The defense team of a former top bureaucrat appealed Wednesday a court ruling last week that sentenced him to six years in prison for murdering his socially reclusive son.

The appeal was filed with the Tokyo High Court five days after Hideaki Kumazawa, the 76-year-old former vice minister for agriculture, forestry and fisheries, was released on ¥5 million bail.

The Dec. 17 ruling by the Tokyo District Court determined the defendant repeatedly stabbed his 44-year-old son Eiichiro in the neck and chest on June 1 at their home in Tokyo, leading to his death from massive blood loss.

The defense had sought a suspended sentence. It claimed Kumazawa had long supported his eldest son, who had a developmental disorder, and that Eiichiro's violent temper at home was the catalyst for the murder. Prosecutors had sought an eight-year term.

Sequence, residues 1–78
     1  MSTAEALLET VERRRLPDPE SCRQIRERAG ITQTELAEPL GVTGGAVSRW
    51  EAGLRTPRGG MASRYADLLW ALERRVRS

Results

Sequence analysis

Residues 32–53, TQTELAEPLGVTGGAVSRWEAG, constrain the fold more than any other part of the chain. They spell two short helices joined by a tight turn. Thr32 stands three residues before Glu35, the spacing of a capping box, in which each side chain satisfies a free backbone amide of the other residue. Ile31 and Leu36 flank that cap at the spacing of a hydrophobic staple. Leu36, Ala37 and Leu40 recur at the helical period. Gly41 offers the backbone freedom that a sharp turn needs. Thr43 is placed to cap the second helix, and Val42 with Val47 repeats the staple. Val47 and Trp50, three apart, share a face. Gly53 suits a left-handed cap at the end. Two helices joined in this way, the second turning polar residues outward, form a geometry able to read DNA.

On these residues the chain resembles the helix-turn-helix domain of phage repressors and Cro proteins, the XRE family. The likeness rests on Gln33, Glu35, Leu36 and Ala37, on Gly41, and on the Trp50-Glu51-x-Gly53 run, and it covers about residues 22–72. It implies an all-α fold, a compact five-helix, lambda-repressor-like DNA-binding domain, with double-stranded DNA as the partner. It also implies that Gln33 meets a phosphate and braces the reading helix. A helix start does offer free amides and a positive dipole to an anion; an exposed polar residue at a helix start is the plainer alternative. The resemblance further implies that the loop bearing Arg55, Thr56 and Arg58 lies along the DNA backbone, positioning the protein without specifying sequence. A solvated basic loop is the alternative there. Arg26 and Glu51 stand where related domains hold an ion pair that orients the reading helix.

While acknowledging some of the defense's claim, the court determined Kumazawa had a "strong intention to kill," as there were more than 30 wounds found on his son's body.

The case has drawn considerable public attention due to the large number of social recluses, known as hikikomori, age 40 to 64 in Japan, with the government putting the figure at around 613,000 across the country.

The high court, in a rare decision, granted bail to the defendant even though he was sentenced to jail for the murder. It is believed the court took into account Kumazawa's age and his guilty plea.